The STATE of Soccer in WASHINGTON
For Ebun Olaloye the saying is also a start-up soccer clothing brand he established and is trying to take to the next level by coming to Seattle for a few months. Olaloye will be looking over the shoulders of the people behind Golazo Energy Drinks to see how they have jumped into the soccer lifestyle market and built a successful business.
Learn more about Ebun and his love of futbol and fashion in the Q & A with goalWA below.
goalWA: What are your very first memories of soccer?
Ebun: I grew up in Lagos, Nigeria and went to a school that was right across the street from my house. Everyday during recess we’d play one big game and I was always one of the worst players on the field. One day, however, I took the ball down the left side, beat everyone, cut inside and scored a pretty nice goal. I must have been 7 or 8. I’ll never forget that day. That’s when I realized I was fast and since then speed has always been one of my key assets as a player. Another poignant memory was going to play on that same field in the evening and staying out an hour longer than I was allowed to just because I wanted to play more soccer. I always got reprimanded for it, but I didn’t mind. I was getting to play soccer!
Who are your soccer and clothes design role models, and why?
Growing up I supported the Super Eagles of Nigeria, so I was always mesmerized by Jay Jay Okocha’s skills. Then when Kanu started playing for Arsenal I discovered Thierry Henry and he’s been my favorite player since then. He’s one of the best ever and he played with such a swagger that I always wanted to be like him when I step foot on the pitch.
As far as clothing design I really love what Ralph Lauren and Tommy Hilfiger have done. They’ve built incredible businesses from nothing and their clothing stands the test of time. From a purely design standpoint I’m a big fan of what Aitor Thourp has done especially with the recent England kits by Umbro. He’s found a way to marry traditional design and technology to create something that has a classic aesthetic but is forward-thinking at the same time.
Explain your trip to Seattle and what you hope to accomplish.
In January 2011 I got the chance to come to Seattle to meet with Golazo. I loved what they were about and the CEO, Richard Tait, and I have become very good friends since. I graduated college in May and he said to me, “why don’t you come out here for a few months?” so I decided to bring the brand here with me. I love how passionate Seattleites are about soccer so I want to establish LBF here on the west coast.
If you could pick to be either the best designer in the world OR the best footballer, which would you chose, and why?
I’d be the best footballer hands down. Every time I close my eyes to day dream I envision myself on the highest stage. I picture myself on the touchline at the Emirates Stadium waiting for my name to be called to enter the match. After entering the match, I score a sick goal, run to the corner flag and slide right in front of the fans with my arms outstretched. Those kinds of moments are what made me fall in love with the sport. It’s why I love playing so much. If I can score a great goal, make a defender look silly or make an amazing pass that earns the respect of those I’m playing with then for me it’s worth it.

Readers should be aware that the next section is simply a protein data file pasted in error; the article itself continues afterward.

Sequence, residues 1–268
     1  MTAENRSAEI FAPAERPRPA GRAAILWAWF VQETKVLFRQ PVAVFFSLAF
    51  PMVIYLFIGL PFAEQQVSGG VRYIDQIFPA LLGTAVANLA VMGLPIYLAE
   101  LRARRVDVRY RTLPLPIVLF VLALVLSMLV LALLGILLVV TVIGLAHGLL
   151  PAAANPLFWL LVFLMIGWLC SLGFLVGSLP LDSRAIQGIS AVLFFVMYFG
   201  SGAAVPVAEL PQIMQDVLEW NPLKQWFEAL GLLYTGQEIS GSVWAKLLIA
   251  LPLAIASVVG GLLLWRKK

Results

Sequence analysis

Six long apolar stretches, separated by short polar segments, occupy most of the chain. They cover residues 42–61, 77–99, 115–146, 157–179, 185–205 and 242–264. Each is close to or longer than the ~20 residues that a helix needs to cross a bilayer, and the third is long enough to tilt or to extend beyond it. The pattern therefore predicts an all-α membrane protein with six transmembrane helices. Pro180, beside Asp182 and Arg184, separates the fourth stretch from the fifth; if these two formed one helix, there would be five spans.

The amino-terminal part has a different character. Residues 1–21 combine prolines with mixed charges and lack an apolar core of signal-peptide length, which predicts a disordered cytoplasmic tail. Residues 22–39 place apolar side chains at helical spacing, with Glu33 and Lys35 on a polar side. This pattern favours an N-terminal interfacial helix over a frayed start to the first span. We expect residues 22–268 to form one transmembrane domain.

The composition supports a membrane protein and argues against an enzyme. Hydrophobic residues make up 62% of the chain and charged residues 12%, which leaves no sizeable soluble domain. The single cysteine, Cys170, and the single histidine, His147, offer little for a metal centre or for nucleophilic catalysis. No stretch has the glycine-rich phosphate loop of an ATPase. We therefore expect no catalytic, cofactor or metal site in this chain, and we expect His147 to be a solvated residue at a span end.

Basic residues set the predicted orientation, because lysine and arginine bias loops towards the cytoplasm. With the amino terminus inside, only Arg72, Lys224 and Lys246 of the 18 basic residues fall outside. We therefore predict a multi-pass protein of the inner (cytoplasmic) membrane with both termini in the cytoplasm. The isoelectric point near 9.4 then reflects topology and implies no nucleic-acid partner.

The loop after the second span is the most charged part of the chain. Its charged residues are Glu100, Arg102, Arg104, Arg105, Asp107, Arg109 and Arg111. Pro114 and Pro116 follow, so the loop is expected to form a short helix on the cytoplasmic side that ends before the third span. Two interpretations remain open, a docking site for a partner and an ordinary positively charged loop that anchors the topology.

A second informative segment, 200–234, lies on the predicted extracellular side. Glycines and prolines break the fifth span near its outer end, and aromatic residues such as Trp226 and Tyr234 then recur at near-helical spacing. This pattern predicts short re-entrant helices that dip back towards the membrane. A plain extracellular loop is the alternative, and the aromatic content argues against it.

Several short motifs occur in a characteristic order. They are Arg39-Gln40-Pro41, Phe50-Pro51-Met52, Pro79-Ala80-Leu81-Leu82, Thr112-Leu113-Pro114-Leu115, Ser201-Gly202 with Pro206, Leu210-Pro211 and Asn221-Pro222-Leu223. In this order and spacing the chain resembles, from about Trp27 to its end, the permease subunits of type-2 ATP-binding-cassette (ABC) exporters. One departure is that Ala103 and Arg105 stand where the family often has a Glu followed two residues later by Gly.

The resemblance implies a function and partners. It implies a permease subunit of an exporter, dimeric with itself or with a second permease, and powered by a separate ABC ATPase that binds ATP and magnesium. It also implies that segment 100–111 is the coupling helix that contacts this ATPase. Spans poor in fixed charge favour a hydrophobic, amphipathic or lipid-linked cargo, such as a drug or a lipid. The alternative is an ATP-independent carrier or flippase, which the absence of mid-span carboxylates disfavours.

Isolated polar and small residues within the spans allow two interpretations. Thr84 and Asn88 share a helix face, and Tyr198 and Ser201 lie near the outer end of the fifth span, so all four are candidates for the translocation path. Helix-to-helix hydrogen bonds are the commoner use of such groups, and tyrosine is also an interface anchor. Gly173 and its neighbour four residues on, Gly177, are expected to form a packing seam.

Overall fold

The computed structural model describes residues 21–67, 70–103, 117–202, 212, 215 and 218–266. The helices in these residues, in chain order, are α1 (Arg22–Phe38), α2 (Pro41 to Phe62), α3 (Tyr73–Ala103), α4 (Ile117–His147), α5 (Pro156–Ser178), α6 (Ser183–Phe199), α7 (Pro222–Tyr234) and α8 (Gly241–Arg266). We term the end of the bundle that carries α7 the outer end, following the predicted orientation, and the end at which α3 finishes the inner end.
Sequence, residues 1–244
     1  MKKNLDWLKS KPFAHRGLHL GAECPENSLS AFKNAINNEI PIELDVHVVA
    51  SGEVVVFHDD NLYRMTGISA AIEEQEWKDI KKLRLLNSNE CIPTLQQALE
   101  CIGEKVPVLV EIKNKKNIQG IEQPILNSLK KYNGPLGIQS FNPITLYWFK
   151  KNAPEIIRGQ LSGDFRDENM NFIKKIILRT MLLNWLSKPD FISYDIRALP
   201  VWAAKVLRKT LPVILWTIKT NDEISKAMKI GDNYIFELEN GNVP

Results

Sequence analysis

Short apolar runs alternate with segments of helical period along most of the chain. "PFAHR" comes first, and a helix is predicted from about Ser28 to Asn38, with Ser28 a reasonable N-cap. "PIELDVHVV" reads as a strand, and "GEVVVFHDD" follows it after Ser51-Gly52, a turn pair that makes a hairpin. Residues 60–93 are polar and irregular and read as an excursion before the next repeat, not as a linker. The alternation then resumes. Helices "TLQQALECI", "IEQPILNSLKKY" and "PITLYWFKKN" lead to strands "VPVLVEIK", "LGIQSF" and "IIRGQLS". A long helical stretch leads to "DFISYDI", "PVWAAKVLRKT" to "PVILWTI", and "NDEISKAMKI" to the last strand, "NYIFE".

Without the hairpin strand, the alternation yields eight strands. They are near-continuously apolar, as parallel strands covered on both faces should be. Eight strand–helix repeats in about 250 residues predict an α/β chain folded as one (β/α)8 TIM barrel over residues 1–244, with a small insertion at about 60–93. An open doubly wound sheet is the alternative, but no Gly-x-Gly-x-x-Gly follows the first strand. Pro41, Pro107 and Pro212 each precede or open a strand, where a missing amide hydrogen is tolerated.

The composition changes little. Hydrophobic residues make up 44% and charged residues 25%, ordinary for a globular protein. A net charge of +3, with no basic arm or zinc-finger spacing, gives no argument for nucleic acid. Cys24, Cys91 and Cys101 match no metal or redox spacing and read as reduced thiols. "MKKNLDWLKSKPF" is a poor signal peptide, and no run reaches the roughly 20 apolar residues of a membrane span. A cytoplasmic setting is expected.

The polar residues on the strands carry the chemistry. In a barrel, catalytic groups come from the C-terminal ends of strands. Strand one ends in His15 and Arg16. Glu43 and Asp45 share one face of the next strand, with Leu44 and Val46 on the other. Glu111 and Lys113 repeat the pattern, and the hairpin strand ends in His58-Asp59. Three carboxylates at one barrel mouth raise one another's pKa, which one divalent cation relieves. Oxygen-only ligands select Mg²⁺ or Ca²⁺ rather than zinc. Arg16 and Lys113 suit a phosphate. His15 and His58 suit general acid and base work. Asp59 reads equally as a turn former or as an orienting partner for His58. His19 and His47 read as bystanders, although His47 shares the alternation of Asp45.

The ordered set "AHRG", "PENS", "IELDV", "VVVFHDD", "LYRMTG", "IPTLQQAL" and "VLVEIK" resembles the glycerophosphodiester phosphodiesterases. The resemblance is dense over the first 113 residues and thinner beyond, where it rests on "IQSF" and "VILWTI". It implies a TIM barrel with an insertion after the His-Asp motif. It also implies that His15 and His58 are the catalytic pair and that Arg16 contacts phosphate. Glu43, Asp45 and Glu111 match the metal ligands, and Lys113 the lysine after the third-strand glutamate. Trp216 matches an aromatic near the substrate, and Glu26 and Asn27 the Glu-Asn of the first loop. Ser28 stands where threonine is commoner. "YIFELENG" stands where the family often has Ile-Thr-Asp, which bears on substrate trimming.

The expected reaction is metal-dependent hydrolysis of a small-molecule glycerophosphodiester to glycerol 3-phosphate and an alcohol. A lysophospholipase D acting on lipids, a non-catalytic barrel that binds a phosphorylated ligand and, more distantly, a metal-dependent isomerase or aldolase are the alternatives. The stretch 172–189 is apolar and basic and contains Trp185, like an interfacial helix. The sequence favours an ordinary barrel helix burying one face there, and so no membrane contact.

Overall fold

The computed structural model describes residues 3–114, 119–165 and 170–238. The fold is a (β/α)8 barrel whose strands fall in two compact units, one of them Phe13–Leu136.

Describe your clientele and how you are trying to reach them / design to their tastes.
My clientele is the kid who wakes up really early, grabs his boots and a bag of balls and heads to the field to practice for hours. It’s the guy who grabs his buddies after a long day at work and heads to the local pub to watch soccer. Live Breathe Futbol is for people who are passionate about following and playing the sport in every way possible. It’s a name tag that lets everyone know that you live and breathe futbol. It’s the love for the game rendered in cloth.
For me it’s about expression and trying to capture the emotion of the game in the clothing. That’s why I can make a shirt as simple as the ‘World Class’ line and turn around and make something as artistic/complex as the Zidane and George Best shirts. Each design starts somewhere real and I aim to capture something relevant with each one, that’s why they are all different. In each of our shirts, there’s a message that reads, “This garment is designed with the history, character and flair of the beautiful game in mind. Wear with pride. Remember it’s about moments” and depending on the edition, there’s an extra tidbit that relates to that particular shirt.
So there’s something for everyone who lives and breathes futbol. You may not like Zidane, Best or Cantona, but no doubt you’ll look at the World Class shirt and go, “hell yeah, that’s me right there!”
Where is your business at now (in its growth process), and what’s next?
LBF is still a startup. We’ve done well selling online with no marketing except for Twitter/Facebook. We are looking into retail now as a way to grow the business and take it to the next level. A big part of the brand is creating top quality content that resonates with our audience. We have a few video shorts in the works that we think will really shake things up a bit!